Intel managed to draw a standing-room-only crowd at its Wednesday press event. Even those who were fortunate enough to get a seat had to fight for elbow room. The main event, of course, was Sandy Bridge, the new line of processors Intel broke news with earlier this week. Wednesday's event was a more formal and thorough introduction.
The company put Sandy Bridge's focus on consumer-related activities: content consumption and creation, gaming, and moving content from one device to another.
When it comes to things like HD, entertainment, home video capabilities and the ability to work with large photos, "it's imperative for PC and notebook vendors to create products that support that activity," Pund-IT Principal analyst Charles King told me as we waited in line.
HD video technologies took a prominent role on Intel's stage, including WiDi 2.0, which features HD streaming from laptops to TVs. This new second version will feature 1080p playback and DVD and Blu-ray content.
The chips' QuickSync capabilities can convert video from one format to another incredibly quickly, which means less sitting around while you're waiting for that video file to ferment and turn into something you can put on your phone.
Intel also took a big swipe at anyone selling discrete graphics processors. Sandy Bridge will feature powerful new integrated graphics capabilities, and it looks like it'll be able to handle big-graphics games fairly well.
The demos featured "World of Warcraft" and a sneak peek at "Portal 2," which is coming in April. It's not exactly "Crysis" at full bore, but this will let vendors build machines that offer an adequate gaming experience without having to add in a pricey, power-draining and bulky discrete graphics card.
It'll by no means be a replacement for higher-end GPUs, but it does shake up the price/power/bulk/performance equation.
By the way, does anyone have a newer gaming benchmark? "Crysis" turned three last November.
The DRM Demon
Reading various reports of the news Intel put out this week regarding its new family of CPUs, I noticed a strong vein of concern about IntelInsider, a technology that applies digital rights management to certain kinds of media. Ample mention was made about the new line's power and its ability to handle relatively heavy graphics jobs, but the part that really seemed to draw a reaction, judging by the comment sections of various news sites and blogs, was the very mention of that most foul of terms -- "DRM."
At worst, the initials evoke memories of Sony's (NYSE: SNE) awful rootkit debacle several years ago. At best, DRM schemes typically turn out to be clumsily implemented and easily circumvented. And when you talk about baking DRM into a whole line of chips, as is technically the case with Sandy Bridge, it's not completely unreasonable to think this is going to just be another obstacle that's going to trip you up whenever you try to play any file not given the official nod of approval by a major movie, TV or record studio. The term just has that stink on it.
From what Intel explained, the DRM contained in Intel's Sandy Bridge chips is only going to kick in during very specific circumstances: only when you're streaming high-definition, late-release content from certain Intel partners.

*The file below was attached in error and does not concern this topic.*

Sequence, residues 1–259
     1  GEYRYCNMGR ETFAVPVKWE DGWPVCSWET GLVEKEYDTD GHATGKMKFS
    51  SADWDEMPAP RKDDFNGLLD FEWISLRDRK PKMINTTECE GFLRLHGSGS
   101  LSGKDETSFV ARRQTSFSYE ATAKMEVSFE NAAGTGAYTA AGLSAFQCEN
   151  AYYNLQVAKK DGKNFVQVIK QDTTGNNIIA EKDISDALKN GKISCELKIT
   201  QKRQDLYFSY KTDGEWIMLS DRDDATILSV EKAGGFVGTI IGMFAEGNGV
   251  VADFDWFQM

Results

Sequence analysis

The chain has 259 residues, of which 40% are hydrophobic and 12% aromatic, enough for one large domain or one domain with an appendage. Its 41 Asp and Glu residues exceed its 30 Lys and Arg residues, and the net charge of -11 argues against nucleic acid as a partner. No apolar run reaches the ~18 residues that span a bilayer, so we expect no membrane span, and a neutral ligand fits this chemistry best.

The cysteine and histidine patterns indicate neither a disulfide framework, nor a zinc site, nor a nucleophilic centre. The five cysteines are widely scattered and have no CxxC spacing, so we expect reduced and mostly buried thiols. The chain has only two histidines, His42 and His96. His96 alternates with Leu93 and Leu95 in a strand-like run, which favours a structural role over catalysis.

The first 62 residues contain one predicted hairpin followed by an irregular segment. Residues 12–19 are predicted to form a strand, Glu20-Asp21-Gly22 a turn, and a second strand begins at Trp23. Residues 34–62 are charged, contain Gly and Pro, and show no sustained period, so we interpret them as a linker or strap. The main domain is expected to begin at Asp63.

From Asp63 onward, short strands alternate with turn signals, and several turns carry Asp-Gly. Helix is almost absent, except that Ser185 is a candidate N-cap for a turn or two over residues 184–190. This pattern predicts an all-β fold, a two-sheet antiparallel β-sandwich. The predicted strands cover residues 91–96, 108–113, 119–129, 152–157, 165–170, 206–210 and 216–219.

"Frankly, the content providers wouldn't have allowed them to stream content from one device to another without DRM," King said.
Warner Bros.' Kevin Tsujihara, president of its home entertainment group, was trotted onstage to explain how his and other studios place a high value on HD, late-release content, which is why it's so hard to find new movies that'll stream to your PC in HD. They're worried about piracy. Their shipping lanes aren't clear. But with IntelInsider, the chipmaker has apparently convinced at least some major studios that its system provides safe passage from their servers to your computer without anyone ripping their content.
"You've taken the excuse away from us," Tsujihara told Mooley Eden, VP and GM of Intel's PC client group.
The example provided was a CinemaNow demo. If you have a Sandy Bridge processor, you'll get the option to stream a movie in HD on CinemaNow, and that movie will be protected from piracy by way of Intel's DRM provisions.
So who knows -- maybe a genius hacker will figure out a way around this one in six months (funny how that happens). At the moment, it seems your existing booty (whether attained legally or otherwise) will still safely play. It'll even stream from a PC to a WiDi-compatible TV. Eden told me that IntelInsider only applies to the link between the movie provider and the computer.
Timid on Tablets
Though tablets will likely be the star of this year's CES, they received very little attention from Intel at its event. The word did pop up from time to time, so perhaps Atom does have a future in tablet devices rather than only in netbooks and nettops.
One possible advantage of using Atom in a tablet is that its X86 architecture is backwards-compatible with a huge universe of existing applications -- it'll run a lot of the same programs you could run on a standard Windows machine (keep in mind, performance may be iffy for the high-caliber stuff).
Something like the iPad, on the other hand, is limited to the wares in its App Store menagerie. Still, over the last few years, that App Store has grown into being the Costco (Nasdaq: COST) of software distributors. And really, a lot of those Windows applications just don't translate well when applied directly to a touch-based interface.
And smartphones? Their only moment in the spotlight was when Intel CEO Paul Otellini told us to expect to see something at Mobile World Congress next month.
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